Width (px)Height (px)
lake-with-mountains.jpg1200800
lake-with-mountains-2x.jpg24001600
lake-without-mountains.jpg900600
lake-without-mountains-2x.jpg18001200
only-a-boat.jpg450800
only-a-boat-2x.jpg9001600

Here's a short video about what it looks like on a 2x display (on the 1x display, it's the same as in the previous screencast):

You could also use w-descriptors in the <source> tag, but in this case, you'll target media conditions twice. If this still makes sense in your scenario, note that:

  • You need to add the sizes attribute, otherwise the w-descriptors won't work.
  • You'll need to remove the width and height attributes, as they don't work together with sizes.
The <source> Element with the type Attribute

You can also use the <source> tag with the type attribute to support different media types (also known as MIME types). MIME types primarily refer to the file format, but in some cases, you can define other parameters as well (e.g. target different codecs for audio and video files).

When speaking of responsive images, the biggest benefit of the type attribute is that you can add alternative image sources in next-generation image formats. This frequently (but not always) comes with some performance gain. To learn more on the subject, check out our article on modern image formats that addresses the performance question in detail.

You can use the Squoosh app by Google Chrome Labs to convert your images to next-gen image formats.

The code example below lists the same image in three different formats: JPG, WebP, and AVIF:

<picture>
<source
srcset="images/mime-types/lake.avif"
type="image/avif">

<source
srcset="images/mime-types/lake.webp"
type="image/webp">

<img
src="images/mime-types/lake.jpg" alt="Lake"
width="1200" height="800">
</picture>

As AVIF is a newer format than WebP, it comes with poorer browser support, but it's usually more lightweight. As a result, it makes sense to add it first so that the browser can start by checking if it supports this file format before moving on to WebP, then JPG.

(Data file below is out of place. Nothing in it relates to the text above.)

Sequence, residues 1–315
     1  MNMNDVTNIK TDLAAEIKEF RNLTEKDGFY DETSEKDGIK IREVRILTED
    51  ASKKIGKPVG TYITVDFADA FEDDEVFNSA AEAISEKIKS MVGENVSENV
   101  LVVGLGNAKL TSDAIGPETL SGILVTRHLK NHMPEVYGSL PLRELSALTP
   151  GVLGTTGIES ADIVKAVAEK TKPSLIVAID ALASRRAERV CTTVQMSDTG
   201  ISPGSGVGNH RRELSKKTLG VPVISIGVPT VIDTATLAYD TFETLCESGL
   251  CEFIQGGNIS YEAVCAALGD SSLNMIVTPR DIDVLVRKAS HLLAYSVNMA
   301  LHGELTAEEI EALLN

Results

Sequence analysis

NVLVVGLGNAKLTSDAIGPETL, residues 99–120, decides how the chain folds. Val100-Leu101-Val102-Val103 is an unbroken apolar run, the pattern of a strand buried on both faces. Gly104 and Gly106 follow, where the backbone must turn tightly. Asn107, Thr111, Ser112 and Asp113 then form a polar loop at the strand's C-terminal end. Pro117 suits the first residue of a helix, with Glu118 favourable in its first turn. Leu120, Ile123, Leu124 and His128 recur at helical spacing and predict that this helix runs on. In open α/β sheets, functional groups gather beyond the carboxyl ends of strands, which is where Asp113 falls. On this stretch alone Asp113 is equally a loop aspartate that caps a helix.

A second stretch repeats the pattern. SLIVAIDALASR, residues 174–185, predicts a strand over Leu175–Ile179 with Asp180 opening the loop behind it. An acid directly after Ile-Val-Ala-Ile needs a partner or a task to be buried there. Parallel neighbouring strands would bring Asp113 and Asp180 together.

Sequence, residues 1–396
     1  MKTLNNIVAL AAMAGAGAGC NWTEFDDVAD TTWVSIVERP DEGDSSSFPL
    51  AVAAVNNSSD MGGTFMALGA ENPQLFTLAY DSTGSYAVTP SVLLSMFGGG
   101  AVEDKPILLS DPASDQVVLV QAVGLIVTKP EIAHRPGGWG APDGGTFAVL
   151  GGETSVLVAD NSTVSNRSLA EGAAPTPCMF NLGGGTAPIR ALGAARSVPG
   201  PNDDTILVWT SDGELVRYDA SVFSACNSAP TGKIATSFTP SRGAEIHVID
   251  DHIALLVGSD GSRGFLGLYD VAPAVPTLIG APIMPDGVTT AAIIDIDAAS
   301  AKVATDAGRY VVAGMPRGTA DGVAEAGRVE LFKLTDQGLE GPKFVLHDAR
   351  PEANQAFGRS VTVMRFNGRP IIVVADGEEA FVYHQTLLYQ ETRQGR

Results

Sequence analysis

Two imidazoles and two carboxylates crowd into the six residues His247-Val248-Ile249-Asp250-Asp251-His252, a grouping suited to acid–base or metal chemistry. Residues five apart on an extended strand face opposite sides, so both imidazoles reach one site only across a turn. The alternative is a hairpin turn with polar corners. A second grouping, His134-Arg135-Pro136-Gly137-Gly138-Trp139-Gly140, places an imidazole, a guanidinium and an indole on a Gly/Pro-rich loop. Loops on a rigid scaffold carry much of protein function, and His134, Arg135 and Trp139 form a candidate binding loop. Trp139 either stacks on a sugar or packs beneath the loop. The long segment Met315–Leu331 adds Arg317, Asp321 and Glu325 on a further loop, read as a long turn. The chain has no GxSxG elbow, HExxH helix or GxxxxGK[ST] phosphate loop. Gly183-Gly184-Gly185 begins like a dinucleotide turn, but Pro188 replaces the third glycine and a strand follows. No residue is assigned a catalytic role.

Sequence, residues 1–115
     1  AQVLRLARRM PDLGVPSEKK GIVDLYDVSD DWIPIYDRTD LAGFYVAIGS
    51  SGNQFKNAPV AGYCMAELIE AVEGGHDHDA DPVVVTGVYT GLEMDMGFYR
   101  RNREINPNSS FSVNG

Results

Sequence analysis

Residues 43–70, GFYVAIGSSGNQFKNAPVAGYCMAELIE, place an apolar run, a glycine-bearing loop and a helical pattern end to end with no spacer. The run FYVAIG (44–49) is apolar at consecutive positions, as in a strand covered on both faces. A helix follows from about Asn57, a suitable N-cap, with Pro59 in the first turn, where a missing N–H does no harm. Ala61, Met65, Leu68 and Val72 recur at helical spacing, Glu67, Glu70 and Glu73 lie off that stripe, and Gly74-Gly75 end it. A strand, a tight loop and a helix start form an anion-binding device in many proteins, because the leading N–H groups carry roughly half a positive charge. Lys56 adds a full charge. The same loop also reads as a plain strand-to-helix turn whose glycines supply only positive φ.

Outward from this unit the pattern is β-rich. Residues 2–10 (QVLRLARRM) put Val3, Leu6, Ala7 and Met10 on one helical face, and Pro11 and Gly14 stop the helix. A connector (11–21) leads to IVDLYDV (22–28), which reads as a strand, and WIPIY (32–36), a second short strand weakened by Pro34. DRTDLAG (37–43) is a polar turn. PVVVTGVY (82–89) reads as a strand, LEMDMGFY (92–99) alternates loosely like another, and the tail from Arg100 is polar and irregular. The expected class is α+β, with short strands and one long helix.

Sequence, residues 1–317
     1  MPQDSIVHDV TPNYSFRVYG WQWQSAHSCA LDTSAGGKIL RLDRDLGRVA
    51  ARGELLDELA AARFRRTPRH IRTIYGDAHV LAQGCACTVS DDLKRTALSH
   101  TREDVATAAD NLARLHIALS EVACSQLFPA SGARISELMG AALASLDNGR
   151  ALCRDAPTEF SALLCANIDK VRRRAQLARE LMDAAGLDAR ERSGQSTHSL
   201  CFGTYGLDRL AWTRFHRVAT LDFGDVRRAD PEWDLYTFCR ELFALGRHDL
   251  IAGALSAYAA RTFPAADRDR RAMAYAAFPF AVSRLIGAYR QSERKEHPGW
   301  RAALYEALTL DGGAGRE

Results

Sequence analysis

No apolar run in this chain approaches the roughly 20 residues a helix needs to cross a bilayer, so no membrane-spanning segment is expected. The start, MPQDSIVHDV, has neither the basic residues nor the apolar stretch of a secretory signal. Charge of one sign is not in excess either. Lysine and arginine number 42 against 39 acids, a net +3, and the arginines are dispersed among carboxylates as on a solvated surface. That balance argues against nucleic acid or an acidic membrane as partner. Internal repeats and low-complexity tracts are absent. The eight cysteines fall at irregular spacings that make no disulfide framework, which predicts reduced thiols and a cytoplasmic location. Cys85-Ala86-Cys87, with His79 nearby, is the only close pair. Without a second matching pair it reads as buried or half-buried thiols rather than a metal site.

The <source> Element with Both the media and type Attributes

Finally, you can combine the media and type attributes in the following way to address both media conditions and supported MIME types:

<picture>
<source
srcset="images/combined/lake-with-mountains.webp"
media="(min-width: 1280px)" type="image/webp"
width="1200" height="800">

<source
srcset="images/combined/lake-with-mountains.jpg"
media="(min-width: 1280px)" type="image/jpeg"
width="1200" height="800">

<source
srcset="images/combined/lake-without-mountains.webp"
media="(min-width: 640px) and (max-width: 1279px)" type="image/webp"
width="900" height="600">

<source
srcset="images/combined/lake-without-mountains.jpg"
media="(min-width: 640px) and (max-width: 1279px)" type="image/jpeg"
width="900" height="600">

<source
srcset="images/combined/only-a-boat.webp"
type="image/webp"
width="450" height="800">

<img
src="images/combined/only-a-boat.jpg"
alt="Lake" width="450" height="800">
</picture>

Of course, the responsive image code can be even more complex — for example, you could use x-descriptors in one or all of the srcset attributes above to support high-density displays.

CSS Syntax for Responsive Background Images

While in most cases, you'll add responsive images in HTML, there's an important exception: responsive background images.

Traditionally, you had to use media queries to show different background images on smaller and larger screens. However, nowadays you have access to the image-set() CSS function that makes it possible to target device pixel ratio and supported MIME types.

Let's see how it works.

The image-set() function

The image-set() CSS function allows you to list multiple alternative sources for background images. You can use it from within the background-image property.

As browser support is still somewhat patchy, it's recommended that you also add the -webkit- vendor prefix for older Webkit-based browsers.

There are two use cases of image-set():

  • You can use it together with x-descriptors to support high-density screens.
  • You can list next-generation images as alternative sources for a background image.

Using image-set() with x-descriptors

The following code example shows how to use x-descriptors with the image-set() function:

body {
background-repeat: no-repeat;

/* Fallback */
background-image: url("images/xdesc/lake.jpg");

/* Prefixed */
background-image: -webkit-image-set(
url("images/xdesc/lake.jpg") 1x,